Geoffrey Stevens's blog

Let’s go down the rabbit hole with the Conservative leadership race

“’Curiouser and curiouser!’ cried Alice” – Lewis Carroll, Alice in Wonderland

Today’s Conservative Party of Canada is a curious movement. Even curiouser are its leadership race and its upcoming pair of television debates – French on Wednesday, English on Thursday.

The debates, to be broadcast from Toronto, may be the only opportunities for national audiences to take the measure of the four candidates who are vying to take on Justin Trudeau in the next federal election. Voting by ranked preferential ballot is to take place in August.

Will the hard lessons of the pandemic be lost in the preoccupation with recovery?

Political and public attention is shifting from stopping COVID-19 to the delicate and uncertain challenge of recovering from it – to returning daily life to something close to what it was pre-pandemic and to getting the economy firing on all cylinders again.

In British Columbia, for-profit nursing homes spend $10,000 less per patient for care than non-profit homes.

Last week, Ontario’s Progressive Conservative government gave itself the power to take over temporary management of long-term care homes that are unable to cope with the COVID-19 pandemic.

One might ask why Ontario waited so long. British Columbia, which has been more successful in holding off the coronavirus, made the same move six weeks earlier.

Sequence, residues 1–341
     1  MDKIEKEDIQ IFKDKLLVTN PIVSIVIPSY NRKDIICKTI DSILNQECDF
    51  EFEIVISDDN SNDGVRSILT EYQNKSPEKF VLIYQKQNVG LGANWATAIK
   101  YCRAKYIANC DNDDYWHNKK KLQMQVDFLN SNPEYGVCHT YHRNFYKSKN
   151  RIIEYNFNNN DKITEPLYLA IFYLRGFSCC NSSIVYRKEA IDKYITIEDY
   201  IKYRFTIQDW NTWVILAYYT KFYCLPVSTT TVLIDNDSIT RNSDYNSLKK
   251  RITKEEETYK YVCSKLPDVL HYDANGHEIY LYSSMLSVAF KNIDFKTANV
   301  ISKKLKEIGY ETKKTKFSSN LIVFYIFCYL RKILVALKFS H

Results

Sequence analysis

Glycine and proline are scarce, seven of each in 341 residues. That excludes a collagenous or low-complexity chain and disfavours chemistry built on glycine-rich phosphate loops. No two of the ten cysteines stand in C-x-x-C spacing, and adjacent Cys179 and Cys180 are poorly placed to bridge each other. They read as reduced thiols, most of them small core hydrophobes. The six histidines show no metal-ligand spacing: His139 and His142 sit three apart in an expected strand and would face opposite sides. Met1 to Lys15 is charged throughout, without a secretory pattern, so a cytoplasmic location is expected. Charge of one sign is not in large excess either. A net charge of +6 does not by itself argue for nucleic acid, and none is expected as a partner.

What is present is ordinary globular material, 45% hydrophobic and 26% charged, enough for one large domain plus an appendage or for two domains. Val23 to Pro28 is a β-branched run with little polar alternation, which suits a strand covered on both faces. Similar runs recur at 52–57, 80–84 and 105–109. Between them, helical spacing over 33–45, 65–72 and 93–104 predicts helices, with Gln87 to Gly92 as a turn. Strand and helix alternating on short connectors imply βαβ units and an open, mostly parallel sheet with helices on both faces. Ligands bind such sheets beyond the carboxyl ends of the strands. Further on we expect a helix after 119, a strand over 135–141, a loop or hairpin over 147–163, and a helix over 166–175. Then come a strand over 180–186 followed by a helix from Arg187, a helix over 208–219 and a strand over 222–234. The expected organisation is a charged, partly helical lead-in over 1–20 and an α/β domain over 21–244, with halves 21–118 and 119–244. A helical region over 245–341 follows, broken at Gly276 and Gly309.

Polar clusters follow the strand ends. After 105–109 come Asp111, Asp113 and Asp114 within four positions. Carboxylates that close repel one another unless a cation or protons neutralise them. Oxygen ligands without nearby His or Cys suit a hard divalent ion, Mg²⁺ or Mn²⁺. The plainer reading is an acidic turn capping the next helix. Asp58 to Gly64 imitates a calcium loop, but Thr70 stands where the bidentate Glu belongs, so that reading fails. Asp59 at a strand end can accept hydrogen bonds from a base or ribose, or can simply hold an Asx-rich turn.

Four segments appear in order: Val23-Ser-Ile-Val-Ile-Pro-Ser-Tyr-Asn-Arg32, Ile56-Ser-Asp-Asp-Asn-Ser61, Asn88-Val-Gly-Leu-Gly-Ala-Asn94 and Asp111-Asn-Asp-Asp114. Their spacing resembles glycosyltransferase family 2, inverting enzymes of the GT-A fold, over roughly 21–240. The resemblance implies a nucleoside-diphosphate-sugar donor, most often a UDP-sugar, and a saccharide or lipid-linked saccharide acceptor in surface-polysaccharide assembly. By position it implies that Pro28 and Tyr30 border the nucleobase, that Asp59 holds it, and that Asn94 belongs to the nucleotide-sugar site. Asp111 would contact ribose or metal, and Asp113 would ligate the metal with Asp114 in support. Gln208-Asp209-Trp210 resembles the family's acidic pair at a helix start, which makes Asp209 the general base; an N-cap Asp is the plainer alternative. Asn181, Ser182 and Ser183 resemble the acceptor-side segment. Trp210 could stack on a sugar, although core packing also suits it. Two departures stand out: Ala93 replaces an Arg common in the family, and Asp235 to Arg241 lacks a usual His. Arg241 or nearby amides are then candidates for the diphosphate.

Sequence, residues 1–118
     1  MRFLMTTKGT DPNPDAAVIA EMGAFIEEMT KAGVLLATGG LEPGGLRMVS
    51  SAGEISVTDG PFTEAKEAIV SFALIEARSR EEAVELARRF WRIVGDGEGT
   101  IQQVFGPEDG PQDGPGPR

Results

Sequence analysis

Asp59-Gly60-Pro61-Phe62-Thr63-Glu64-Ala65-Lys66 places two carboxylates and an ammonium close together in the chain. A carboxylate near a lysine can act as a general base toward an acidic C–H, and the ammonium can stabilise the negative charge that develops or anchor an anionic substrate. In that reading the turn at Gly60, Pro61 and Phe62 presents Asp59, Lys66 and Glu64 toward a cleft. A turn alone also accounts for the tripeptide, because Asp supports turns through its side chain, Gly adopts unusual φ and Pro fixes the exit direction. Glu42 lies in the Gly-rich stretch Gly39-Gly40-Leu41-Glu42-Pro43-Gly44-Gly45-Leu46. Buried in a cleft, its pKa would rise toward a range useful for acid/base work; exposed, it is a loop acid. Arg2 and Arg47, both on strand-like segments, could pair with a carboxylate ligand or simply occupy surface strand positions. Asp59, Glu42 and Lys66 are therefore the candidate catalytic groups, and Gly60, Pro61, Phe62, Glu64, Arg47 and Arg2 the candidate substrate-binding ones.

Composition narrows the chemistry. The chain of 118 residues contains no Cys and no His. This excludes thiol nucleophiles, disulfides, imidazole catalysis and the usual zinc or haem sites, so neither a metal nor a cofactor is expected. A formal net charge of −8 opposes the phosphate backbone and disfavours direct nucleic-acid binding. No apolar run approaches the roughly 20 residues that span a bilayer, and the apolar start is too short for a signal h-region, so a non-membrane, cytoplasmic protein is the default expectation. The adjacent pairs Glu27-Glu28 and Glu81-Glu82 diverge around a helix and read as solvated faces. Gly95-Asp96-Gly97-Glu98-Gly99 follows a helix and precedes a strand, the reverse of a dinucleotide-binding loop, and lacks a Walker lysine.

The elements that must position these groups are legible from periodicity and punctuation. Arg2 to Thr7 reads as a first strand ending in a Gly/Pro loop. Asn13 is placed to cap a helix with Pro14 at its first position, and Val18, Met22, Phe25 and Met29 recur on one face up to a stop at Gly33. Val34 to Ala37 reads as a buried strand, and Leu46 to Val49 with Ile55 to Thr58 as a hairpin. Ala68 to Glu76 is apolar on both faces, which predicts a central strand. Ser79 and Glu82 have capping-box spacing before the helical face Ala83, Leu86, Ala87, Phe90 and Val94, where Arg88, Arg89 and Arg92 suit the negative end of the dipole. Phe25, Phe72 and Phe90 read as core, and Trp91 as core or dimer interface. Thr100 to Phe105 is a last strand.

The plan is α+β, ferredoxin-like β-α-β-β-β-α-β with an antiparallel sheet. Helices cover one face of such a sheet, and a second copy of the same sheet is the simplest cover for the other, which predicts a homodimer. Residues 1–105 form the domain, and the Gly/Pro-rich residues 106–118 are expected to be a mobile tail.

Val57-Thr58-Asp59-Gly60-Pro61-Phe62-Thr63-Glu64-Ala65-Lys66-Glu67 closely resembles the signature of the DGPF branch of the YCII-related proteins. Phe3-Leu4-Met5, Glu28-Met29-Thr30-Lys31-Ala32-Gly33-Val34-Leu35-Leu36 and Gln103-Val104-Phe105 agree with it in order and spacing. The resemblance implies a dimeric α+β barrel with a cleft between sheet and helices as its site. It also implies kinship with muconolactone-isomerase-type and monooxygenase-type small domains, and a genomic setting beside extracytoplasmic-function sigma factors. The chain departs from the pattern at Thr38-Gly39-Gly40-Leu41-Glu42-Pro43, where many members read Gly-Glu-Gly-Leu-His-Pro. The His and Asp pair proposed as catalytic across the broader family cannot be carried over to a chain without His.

Urgent: Forget the expense, screw the profits. Fix long-term care!

Forest Heights Long-Term Care Centre in Kitchener, a for-profit nursing home, is at the epicentre of the COVID-19 crisis in Ontario’s Waterloo Region. As of last Thursday night, 45 Forest Hill patients had died.

That was 45 of 98 deaths in the region, which encompasses the cities of Cambridge and Waterloo, as well as Kitchener. To put it another way, one nursing home was responsible for 45 out of 79 deaths in all the long-term care (LTC) homes in the three cities.

Why for-profit nursing homes are especially dangerous in a pandemic

Public officials in Canada, as in other countries, are turning their attention from self-isolation, social distancing and keeping businesses shuttered to strategies for a cautious reopening of society.

They see a flattening in the curve of new cases of COVID-19. They feel growing pressure from cooped-up families, from 7 million unemployed workers and from business owners to let the country return to normal.